If I had thought ahead to the fact today’s April Fools Day, I would have made sure to make the time yesterday to post market statistics.
If I had know what I had been seeing when I ran the numbers, I absolutely would have posted yesterday. In fact, I debated posting these tomorrow lest someone think they’re reading an April Fool’s Day post.
They’re not. You’re not. These are the numbers from the Arizona Regional MLS.
When I checked yesterday, there were 32,382 active single family detached homes for sale in Maricopa County. As of a few minutes ago, that number has fallen to 31,946 mostly because of the end-of-month expiration that always occurs.
As of yesterday, there had been 5,247 closed sales in the Phoenix real estate market the past 30 days. That would give us an absorption rate of 6.17 months – if nothing else came to the market, at the current sales rate all the homes in the MLS would be sold in 6.17 months. (As a reminder, between five and six months is considered a balanced market where neither buyers no sellers have too much leverage.)
As of a few minutes ago, that sales figure had jumped to 5,865 closed sales for the month of March with the jump coming, not surprisingly, on the final day of the month when many closings take place.
The result? An absorption rate of 5.45 months for the Phoenix real estate market’s single family detached homes inventory. Been tracking these numbers for nearly 3 years now and that’s the lowest inventory figure we’ve had over that entire period.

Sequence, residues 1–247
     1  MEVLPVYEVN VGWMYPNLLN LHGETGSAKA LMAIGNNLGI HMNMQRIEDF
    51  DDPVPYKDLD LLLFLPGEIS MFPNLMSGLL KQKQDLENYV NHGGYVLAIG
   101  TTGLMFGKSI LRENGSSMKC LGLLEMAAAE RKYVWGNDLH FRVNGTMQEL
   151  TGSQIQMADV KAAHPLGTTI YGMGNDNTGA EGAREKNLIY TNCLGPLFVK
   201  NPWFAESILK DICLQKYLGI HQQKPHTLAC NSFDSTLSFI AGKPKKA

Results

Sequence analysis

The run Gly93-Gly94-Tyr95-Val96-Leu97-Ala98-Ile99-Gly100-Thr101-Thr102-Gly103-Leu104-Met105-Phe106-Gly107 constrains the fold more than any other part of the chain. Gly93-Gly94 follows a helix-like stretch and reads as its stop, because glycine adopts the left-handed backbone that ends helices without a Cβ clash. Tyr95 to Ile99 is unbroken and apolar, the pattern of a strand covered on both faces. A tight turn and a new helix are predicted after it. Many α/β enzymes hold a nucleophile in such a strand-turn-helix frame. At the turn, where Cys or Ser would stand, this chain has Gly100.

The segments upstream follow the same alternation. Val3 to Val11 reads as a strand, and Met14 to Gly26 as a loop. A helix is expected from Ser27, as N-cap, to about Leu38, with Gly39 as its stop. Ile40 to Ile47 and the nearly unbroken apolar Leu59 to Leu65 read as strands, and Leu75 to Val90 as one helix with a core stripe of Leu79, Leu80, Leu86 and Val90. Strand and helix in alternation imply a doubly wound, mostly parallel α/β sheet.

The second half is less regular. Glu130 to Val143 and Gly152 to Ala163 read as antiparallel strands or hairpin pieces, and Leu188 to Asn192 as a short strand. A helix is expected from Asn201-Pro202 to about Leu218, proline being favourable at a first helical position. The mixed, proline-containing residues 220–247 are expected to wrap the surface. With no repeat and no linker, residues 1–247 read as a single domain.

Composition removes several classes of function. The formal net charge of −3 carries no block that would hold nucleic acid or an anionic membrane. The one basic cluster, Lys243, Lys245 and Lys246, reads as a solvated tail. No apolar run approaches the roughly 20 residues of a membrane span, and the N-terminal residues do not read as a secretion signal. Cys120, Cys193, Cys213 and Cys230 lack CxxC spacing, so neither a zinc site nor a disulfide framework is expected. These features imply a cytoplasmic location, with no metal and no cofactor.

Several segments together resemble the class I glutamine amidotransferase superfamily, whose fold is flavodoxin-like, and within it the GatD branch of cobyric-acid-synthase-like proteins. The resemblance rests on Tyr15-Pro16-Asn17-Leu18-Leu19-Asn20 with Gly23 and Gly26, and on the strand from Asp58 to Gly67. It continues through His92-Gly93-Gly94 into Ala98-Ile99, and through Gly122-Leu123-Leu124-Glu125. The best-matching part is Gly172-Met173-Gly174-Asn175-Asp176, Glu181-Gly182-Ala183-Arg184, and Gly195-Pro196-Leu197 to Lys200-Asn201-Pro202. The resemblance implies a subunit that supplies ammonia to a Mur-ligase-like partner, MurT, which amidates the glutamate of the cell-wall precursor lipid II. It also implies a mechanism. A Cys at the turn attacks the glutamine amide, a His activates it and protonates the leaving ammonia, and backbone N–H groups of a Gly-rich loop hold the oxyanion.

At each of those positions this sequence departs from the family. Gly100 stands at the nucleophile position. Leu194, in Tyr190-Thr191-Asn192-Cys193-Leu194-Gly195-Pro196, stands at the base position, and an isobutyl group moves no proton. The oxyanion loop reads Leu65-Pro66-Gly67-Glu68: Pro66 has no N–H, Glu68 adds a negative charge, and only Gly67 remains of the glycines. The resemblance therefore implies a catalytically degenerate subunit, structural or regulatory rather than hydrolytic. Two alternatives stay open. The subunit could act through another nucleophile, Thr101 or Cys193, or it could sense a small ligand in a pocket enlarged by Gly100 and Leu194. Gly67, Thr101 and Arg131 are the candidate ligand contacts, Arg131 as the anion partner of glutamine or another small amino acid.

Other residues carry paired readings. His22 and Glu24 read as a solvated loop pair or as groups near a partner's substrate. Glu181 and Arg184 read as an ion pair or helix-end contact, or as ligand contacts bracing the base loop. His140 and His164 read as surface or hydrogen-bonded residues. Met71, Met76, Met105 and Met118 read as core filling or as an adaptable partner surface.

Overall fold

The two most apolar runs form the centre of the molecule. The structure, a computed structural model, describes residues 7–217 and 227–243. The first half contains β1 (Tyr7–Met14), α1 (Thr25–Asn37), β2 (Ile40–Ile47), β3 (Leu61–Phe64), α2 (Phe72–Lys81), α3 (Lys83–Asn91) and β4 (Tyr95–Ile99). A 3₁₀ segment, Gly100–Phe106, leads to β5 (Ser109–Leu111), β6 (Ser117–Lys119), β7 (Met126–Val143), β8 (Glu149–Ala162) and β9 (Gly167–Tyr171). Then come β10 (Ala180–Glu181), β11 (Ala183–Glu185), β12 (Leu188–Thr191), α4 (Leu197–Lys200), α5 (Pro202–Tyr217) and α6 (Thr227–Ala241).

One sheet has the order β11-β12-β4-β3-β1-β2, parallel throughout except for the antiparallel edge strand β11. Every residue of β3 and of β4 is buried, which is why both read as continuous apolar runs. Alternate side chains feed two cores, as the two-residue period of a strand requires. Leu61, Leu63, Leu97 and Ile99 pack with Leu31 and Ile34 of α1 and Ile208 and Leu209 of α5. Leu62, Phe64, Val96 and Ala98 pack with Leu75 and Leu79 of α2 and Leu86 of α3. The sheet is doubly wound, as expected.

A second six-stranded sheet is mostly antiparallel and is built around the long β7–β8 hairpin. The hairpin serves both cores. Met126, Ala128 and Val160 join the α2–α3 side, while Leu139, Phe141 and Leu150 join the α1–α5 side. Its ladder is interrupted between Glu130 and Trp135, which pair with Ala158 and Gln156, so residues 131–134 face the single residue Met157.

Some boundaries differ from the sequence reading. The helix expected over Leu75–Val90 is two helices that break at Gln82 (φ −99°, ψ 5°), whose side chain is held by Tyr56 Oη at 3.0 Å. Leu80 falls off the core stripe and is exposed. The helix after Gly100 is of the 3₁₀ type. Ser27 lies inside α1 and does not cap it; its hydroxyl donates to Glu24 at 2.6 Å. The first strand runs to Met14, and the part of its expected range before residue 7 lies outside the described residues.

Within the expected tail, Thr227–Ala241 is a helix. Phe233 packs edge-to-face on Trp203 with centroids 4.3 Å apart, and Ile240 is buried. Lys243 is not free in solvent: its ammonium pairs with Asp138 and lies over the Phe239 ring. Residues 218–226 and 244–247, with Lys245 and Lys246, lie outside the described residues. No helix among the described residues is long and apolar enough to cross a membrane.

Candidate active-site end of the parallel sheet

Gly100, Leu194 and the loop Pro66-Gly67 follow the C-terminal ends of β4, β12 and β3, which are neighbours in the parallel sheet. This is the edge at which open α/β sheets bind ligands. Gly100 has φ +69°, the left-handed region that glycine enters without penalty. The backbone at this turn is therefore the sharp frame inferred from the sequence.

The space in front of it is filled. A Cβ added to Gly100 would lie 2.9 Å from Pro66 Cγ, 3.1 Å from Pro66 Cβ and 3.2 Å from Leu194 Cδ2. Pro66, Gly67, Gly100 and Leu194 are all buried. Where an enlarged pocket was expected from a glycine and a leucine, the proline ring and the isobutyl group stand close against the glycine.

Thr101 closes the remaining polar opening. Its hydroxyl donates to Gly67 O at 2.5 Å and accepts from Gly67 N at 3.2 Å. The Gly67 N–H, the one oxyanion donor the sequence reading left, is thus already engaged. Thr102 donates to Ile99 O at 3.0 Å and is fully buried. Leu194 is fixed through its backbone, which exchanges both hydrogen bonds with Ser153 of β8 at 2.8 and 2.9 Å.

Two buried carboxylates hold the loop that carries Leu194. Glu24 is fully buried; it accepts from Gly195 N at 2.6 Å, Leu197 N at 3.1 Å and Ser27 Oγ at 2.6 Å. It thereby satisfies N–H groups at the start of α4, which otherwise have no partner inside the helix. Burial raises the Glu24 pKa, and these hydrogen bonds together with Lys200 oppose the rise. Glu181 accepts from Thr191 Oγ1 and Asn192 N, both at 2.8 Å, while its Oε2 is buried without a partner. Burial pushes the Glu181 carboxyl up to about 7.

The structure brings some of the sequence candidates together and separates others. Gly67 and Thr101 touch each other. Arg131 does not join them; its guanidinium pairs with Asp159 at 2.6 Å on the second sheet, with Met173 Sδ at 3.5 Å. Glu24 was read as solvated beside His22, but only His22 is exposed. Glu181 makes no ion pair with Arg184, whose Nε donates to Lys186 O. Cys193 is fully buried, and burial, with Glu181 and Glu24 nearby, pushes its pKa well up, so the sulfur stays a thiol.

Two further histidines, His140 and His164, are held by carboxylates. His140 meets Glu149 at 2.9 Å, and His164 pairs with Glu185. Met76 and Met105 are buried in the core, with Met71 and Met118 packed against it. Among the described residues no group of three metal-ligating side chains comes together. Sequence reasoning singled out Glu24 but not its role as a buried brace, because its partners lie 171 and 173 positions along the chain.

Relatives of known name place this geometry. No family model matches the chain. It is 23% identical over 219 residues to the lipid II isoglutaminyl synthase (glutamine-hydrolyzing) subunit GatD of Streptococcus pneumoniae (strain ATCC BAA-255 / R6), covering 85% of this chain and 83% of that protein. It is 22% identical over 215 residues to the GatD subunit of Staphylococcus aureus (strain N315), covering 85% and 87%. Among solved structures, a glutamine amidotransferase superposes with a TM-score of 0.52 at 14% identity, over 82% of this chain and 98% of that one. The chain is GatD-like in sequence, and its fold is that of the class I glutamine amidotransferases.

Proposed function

Bank owneds are moving even more quickly. Yesterday, the absorption rate was 2.1 months. Today, with the slip in inventory with the expireds (down to 7,677 from 7,907) and the jump in sales with the last day of the month included (3,622 to 4,000) the bank owned absorption rate is at 1.9 months.
Less than 60 days.
So what does all this mean? In short, it means the Phoenix real estate market of today isn’t the real estate market of last year or even three months ago. That pent-up buyer demand many of us have discussed is manifesting itself. The efforts to stem foreclosures, albeit only temporarily with moratoriums, is helping reduce inventory.
My hunch is prices aren’t improving in spite of the better supply/demand ratio but that’s a factor of the lengths banks are willing to go to sell their inventory. And things still are sluggish for traditional sellers, at least unless they’re willing to compete against the banks on price.
Honestly, even I feel like there should be an April Fool’s Day coming. But it’s not.
As always, on the below table are the details from the various cities and towns in the Phoenix real estate market. And also as always, all data is deemed reliable but not guaranteed.[table=43] [tags]Phoenix real estate[/tags]